‘Support Staff Lied About Ward Death’

Two Swansea health workers who were restraining a patient at the time of his death have been accused of lying about their evidence. Neil Owen and Wayne Norman were working as nursing support workers at Cefn Coed Hospital when 32-year-old patient Kurt Howard died on June 29, 2002.

The allegations were put to both health workers during an inquest into Mr Howard’s death, by barrister Leslie Thomas. The inquest is in its second week at Swansea’s Guildhall.

Mr Thomas alleges that the four health workers involved in restraining Mr Howard that day not only used “unnecessary force” when holding him in the prone position, but had also assaulted him, and were lying in their evidence to cover up their actions.

Steven Parsons, who was the staff nurse on duty on Ward Five that day, and yesterday’s two witnesses, Mr Owen and Mr Norman, each deny the allegations.

Another witness involved in the restraint, Paul Hunt, has yet to be cross-examined.

The inquest has heard that Mumbles-born Mr Howard was diagnosed with drug-induced psychosis, and had that day been verbally abusive and physically violent.

He had to be restrained at around 7.30am in his room, and was injected with rapid-acting tranquillizers to calm him down.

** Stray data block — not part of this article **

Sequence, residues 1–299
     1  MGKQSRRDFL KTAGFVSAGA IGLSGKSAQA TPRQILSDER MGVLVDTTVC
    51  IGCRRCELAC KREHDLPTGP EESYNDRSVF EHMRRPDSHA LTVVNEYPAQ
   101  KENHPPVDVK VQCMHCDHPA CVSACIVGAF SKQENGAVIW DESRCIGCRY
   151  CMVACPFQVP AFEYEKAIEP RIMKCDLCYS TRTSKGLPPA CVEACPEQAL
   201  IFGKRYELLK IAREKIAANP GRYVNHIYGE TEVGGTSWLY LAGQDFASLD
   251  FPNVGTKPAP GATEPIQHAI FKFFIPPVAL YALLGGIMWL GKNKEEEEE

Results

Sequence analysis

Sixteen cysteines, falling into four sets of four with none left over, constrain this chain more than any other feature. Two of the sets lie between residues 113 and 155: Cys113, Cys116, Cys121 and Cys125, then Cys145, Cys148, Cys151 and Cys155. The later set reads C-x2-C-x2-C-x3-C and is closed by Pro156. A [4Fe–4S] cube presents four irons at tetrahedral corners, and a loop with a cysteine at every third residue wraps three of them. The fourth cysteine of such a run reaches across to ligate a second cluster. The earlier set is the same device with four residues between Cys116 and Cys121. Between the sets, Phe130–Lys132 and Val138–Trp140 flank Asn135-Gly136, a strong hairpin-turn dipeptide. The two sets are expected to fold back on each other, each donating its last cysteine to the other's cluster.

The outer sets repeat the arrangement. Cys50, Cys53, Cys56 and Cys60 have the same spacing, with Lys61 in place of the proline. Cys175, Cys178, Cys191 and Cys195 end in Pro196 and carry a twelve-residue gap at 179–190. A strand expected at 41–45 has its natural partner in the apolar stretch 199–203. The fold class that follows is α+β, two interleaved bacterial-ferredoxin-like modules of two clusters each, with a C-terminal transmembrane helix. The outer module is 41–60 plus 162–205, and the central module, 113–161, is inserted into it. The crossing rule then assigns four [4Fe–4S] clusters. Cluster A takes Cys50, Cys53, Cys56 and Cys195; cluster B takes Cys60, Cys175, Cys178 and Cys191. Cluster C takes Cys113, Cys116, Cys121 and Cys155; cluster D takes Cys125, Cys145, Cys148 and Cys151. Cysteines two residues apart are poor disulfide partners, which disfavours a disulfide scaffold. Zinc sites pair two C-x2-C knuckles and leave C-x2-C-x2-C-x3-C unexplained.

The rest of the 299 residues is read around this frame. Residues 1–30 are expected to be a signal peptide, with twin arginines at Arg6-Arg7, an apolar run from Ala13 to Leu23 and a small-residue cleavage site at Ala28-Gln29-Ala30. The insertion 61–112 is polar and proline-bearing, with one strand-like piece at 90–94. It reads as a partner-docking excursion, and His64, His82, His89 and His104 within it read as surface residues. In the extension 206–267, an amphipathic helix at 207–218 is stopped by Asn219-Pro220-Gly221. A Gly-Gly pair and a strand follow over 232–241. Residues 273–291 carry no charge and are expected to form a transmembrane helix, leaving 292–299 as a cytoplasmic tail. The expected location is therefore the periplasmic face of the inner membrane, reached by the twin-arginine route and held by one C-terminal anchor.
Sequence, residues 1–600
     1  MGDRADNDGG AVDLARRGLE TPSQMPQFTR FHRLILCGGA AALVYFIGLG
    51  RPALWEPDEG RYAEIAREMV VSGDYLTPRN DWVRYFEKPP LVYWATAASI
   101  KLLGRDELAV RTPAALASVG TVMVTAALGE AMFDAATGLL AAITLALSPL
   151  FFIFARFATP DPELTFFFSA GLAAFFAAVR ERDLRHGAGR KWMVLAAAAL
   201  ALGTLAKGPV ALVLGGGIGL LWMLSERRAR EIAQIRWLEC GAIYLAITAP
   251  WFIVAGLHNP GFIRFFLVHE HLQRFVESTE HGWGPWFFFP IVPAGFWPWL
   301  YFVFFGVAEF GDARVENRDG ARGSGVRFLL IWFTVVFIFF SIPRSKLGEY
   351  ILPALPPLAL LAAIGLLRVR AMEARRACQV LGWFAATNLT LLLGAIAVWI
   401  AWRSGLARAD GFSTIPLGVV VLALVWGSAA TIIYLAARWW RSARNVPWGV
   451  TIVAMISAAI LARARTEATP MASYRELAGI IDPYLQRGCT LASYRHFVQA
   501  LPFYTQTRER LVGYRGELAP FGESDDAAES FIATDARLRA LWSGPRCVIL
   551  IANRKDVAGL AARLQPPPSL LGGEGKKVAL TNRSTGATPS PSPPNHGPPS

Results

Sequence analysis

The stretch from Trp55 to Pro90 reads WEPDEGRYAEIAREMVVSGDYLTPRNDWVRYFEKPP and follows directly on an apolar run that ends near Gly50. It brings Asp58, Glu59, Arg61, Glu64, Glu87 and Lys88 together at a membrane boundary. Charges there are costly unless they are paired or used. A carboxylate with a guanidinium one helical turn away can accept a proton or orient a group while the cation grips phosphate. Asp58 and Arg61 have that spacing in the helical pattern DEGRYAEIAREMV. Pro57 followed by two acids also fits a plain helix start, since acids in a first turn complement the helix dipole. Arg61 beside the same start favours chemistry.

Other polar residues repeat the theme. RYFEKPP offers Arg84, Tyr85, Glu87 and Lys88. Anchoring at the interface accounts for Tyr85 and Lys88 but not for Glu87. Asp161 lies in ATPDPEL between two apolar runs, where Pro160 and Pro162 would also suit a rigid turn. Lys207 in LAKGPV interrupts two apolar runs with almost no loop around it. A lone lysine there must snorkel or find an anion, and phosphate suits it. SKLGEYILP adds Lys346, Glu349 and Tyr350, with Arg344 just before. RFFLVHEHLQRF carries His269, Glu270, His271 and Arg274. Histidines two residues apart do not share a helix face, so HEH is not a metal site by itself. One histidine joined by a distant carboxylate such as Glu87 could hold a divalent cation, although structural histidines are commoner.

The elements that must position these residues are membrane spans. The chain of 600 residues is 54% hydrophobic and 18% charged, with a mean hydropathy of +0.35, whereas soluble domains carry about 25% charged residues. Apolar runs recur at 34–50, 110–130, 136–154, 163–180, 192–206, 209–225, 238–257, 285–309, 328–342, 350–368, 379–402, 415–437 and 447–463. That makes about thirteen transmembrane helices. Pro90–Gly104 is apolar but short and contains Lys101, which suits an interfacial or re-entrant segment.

But at around 8.30am he had again become violent, hitting out at Mr Owen and Mr Hunt, leading them and Mr Norman to restrain him on his bed, with Mr Parsons holding his head.

It was during the second restraint that Mr Howard rolled off his bed, pulling the staff with him, and ended up lying on his face on the floor in the prone position.

Both witnesses told the inquest jury yesterday how Mr Howard continued to swear, threaten, kick, bite, scram and punch the staff as they restrained him on the floor.

But, around an hour after they began their restraint, Mr Howard suddenly became limp and despite efforts with mouth-to-mouth and CPR, he died.

Discrepancies have been raised over the time the second restraint is meant to have started, with Mr Parsons and Mr Owen initially giving the time as 7.45am, before changing it to 8.30am.

There has also been confusion about which staff were restraining Mr Howard’s left arm during the second restraint incident that day.

Mr Thomas also asked how it was possible that none of the staff involved in the restraint received any injuries when Mr Howard was an “11” on a 1-10 scale of aggression, according to Mr Owen and Mr Norman’s evidence.

“If this man is being so violent that he’s kicking, scratching, spitting, biting and lashing out, how come you don’t end up with a scratch on you?” he asked Mr Norman.

“Luck? Or is it because the suggestion you’re making is a pack of lies?”

“No,” replied Mr Norman.

Mr Norman’s evidence is to continue this afternoon, when he will be cross-examined by his barrister, Mikhael Puar, and Robert Francis, representing Abertawe Bro Morgannwg University NHS Trust.

The inquest is due to conclude early next week.